Regardless of the translocation variant, the presence of the EWS-WT1 fusion product by FISH or RT-PCR cements the diagnosis of a DSRCT, but there have been cases not showing this characteristic translocation. The appropriate diagnosis of these cases relies on a combination of clinical presentation, morphology, and immunohistochemistry to make the diagnosis. Using RT-PCR, de Alava et al. detected the fusion transcript in only 11/12 DSRCTs [33]. Other studies confirmed the fusion product by FISH or RT-PCR in 29/30 tumors (97%), while another study found the EWS-WT1 fusion in 96% of 109 cases [18]. According to Lae et al., negative RT-PCR results could result from nonrepresentative tumor sampling or lack of viable RNA in the sample [18]. In addition to these technical reasons, the possibility of a DSRCT simply lacking the translocation must be considered. One of the first three cases of DSRCT with cytogenetic analysis was almost tetraploid, had multiple abnormalities, and lacked the characteristic translocation. One cell each in that case did show a del(22)(q12) and del(11)(p13) [19, 20]. When present, the translocation simplifies the diagnosis, but several examples of translocation-negative DSRCTs do exist.

Numerous cases of mesothelioma have also been subjected to karyotyping and a-CGH. Karyotyping revealed multiple chromosomal numerical changes with more losses than gains [34]. Recurrent changes identified by karyotype included monosomy of chromosomes 4 and 22, polysomy of chromosomes 5, 7, and 20, and losses of 1p21-p22, 3p21, 6q15-q21, 9p21-p22, 11p11-p13, 13q, 14q, and 22q12 [34]. Tumors subjected to a-CGH revealed the most frequent losses to be 1p11-p22, 3p21, 4q31.1-qter, 6q14, 6q22, 6q24, 6q25-qter, 8p12-p21, 8p21-qter, 9p21, 13q12-q14, 14q24-qter, 15q11.1-q21, and 22q13 [34]. Of these gene regions, 9p21-containing tumor suppressor gene CDKN2A/p16INK4A, is homozygously deleted in 100% of the mesothelioma cell lines tested by Klorin et al. [34]. This region, along with 22q12 containing the NF2 gene, which is inactivated in mesotheliomas, was also lost in our patient’s tumor. Although the exact significance on histopathology or genetics of these losses is unknown, it is interesting to note that several of our patient’s tumor abnormalities on Table 2 share overlapping losses with those described in malignant mesotheliomas [34].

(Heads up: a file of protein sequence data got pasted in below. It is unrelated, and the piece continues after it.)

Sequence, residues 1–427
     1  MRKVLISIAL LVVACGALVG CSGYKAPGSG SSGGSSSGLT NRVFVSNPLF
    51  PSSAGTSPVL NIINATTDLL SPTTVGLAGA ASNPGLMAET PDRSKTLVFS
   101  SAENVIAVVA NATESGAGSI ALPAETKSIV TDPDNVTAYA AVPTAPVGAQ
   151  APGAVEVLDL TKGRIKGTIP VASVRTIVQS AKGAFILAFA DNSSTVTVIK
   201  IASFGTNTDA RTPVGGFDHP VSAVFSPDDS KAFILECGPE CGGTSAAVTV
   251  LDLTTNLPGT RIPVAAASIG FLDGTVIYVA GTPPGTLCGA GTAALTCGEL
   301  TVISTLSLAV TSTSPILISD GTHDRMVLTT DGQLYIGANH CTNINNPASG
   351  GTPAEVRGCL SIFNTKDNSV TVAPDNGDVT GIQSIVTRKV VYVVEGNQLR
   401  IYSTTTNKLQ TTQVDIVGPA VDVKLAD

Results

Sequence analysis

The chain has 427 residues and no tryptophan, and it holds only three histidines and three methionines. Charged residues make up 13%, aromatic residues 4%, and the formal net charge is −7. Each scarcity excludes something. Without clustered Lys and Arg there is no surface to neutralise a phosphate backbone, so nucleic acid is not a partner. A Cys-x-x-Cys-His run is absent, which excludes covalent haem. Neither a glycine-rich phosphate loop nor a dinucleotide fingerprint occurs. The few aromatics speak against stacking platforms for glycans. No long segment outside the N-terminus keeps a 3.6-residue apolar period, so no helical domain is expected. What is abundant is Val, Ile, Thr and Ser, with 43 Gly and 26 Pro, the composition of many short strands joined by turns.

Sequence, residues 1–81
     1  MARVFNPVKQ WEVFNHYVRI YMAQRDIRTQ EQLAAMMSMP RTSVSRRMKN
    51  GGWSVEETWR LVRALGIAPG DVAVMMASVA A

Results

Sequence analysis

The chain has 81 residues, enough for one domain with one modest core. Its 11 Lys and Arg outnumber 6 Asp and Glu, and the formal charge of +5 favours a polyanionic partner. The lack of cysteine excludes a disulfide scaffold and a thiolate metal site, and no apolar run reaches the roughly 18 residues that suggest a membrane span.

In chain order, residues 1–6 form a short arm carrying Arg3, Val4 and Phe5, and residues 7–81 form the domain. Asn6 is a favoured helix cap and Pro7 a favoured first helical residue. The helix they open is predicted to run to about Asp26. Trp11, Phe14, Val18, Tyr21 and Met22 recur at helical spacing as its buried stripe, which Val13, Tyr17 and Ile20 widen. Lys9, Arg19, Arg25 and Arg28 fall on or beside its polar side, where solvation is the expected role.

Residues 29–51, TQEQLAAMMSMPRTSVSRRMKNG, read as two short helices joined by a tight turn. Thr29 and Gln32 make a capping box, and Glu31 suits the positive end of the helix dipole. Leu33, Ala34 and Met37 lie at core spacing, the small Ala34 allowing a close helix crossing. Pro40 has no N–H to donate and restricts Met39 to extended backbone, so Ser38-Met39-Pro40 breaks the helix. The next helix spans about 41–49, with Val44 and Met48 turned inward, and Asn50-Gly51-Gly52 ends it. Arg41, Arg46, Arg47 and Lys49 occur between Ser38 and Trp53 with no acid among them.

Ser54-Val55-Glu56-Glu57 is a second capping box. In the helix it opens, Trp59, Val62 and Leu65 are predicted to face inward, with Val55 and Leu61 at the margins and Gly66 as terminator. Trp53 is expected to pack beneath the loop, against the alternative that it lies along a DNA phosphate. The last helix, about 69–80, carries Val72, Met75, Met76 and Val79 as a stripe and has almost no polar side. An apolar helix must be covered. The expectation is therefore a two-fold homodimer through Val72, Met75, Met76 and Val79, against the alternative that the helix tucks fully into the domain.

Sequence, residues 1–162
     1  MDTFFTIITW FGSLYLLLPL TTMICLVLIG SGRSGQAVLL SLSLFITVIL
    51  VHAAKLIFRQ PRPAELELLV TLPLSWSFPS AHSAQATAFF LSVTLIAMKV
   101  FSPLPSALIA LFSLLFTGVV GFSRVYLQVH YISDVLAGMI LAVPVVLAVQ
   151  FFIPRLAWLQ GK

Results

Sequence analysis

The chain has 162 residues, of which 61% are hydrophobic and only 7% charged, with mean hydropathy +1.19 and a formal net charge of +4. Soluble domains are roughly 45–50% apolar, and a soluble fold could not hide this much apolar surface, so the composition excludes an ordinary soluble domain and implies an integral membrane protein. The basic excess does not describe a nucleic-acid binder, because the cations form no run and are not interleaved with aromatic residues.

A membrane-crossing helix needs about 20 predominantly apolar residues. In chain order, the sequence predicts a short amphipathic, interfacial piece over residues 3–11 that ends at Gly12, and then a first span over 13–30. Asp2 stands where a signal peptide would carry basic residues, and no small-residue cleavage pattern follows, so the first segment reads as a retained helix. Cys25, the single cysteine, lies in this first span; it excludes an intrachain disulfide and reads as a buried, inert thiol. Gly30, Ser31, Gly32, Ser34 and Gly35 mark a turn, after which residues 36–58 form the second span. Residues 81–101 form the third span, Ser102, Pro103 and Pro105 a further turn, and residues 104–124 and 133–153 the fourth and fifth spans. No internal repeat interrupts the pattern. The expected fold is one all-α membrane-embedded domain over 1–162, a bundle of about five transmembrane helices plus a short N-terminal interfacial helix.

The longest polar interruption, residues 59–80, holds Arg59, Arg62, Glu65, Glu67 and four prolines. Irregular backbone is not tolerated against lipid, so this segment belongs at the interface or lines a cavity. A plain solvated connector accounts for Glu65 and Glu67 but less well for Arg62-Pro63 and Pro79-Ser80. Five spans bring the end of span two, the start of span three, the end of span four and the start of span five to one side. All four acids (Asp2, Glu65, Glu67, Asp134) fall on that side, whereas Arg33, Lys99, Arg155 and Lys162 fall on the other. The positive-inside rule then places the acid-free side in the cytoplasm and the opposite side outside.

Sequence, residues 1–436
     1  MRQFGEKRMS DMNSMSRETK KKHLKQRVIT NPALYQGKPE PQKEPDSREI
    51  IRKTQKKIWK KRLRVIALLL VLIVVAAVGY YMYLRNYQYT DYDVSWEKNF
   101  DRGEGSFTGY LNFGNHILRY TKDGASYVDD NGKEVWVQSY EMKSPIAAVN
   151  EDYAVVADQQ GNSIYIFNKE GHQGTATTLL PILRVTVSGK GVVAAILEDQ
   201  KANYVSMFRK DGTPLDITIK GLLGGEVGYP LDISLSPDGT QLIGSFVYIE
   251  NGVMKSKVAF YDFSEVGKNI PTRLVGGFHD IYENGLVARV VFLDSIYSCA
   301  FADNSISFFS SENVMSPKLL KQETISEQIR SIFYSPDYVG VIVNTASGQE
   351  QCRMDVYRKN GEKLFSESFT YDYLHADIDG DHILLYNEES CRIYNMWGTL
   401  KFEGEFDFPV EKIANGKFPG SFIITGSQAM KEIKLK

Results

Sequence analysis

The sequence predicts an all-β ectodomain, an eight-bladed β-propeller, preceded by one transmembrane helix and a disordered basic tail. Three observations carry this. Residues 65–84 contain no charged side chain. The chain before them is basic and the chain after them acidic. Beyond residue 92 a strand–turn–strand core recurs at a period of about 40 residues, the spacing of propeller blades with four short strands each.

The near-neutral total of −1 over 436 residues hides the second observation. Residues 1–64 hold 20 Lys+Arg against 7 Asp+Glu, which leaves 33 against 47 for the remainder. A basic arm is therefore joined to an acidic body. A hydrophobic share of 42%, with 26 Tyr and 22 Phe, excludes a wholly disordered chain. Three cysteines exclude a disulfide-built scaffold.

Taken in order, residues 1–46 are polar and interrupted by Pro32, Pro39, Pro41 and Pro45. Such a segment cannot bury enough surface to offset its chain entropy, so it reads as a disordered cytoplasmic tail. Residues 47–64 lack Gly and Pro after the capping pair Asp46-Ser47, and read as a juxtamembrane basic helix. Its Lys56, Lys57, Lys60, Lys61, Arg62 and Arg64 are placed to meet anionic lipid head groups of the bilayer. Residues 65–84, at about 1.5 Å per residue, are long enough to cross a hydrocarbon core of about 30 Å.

Because DSRCTs generally express WT1 and are commonly located on peritoneal surfaces like mesotheliomas, authors have attempted to define DSRCTs as “a blastematous tumor derived of primitive mesothelium” [35]. The loss of 22q12.1-q13.33, along with several other shared losses found using a-CGH, seems to support a link between the primitive-appearing DSRCTs and mesotheliomas. Additional microarray data from DSRCTs are needed to determine which, if any, of our patient’s chromosomal changes are recurrent to that tumor.

Our patient’s tumor histologically appeared to have both mesotheliomatous and more primitive looking areas suggestive of desmoplastic small round cell tumor. The biphasic nature was confirmed with immunostaining, the mesothelial area marked with calretinin, WT1, D2-40, CK7, and CK5/6, while the small cell areas were positive for Golgi MyoD1, CD99, CD200, FLI1, and WT1. Interestingly, the cytologic features were characteristic of an epithelial mesothelioma rather than a small cell carcinoma or DSRCT. Although we hoped to confirm the diagnosis of a DSRCT component with FISH and later RT-PCR for the fusion product EWS-WT1, we conclude that the present case represents a small cell mesothelioma with the small cell component focally resembling a DSRCT and in other areas a blastemal-like mesothelioma.

Ethical Approval

This paper was approved by University of Missouri Institutional Review Board (Project no. 2002193; date of approval: 4/27/15).

Competing Interests

The authors declare that there are no competing interests regarding the publication of this paper.

Authors’ Contributions

Drs. Lester Layfield and Richard D. Hammer devised list of immunohistochemical stains during the workup of this patient’s tumor and analyzed the PCR and FISH data. Drs. Richard D. Hammer and Sarah Hackman analyzed the microarray data. Dr. Sarah Hackman wrote the paper with input and multiple revisions from both Dr. Richard D. Hammer and Dr. Lester Layfield.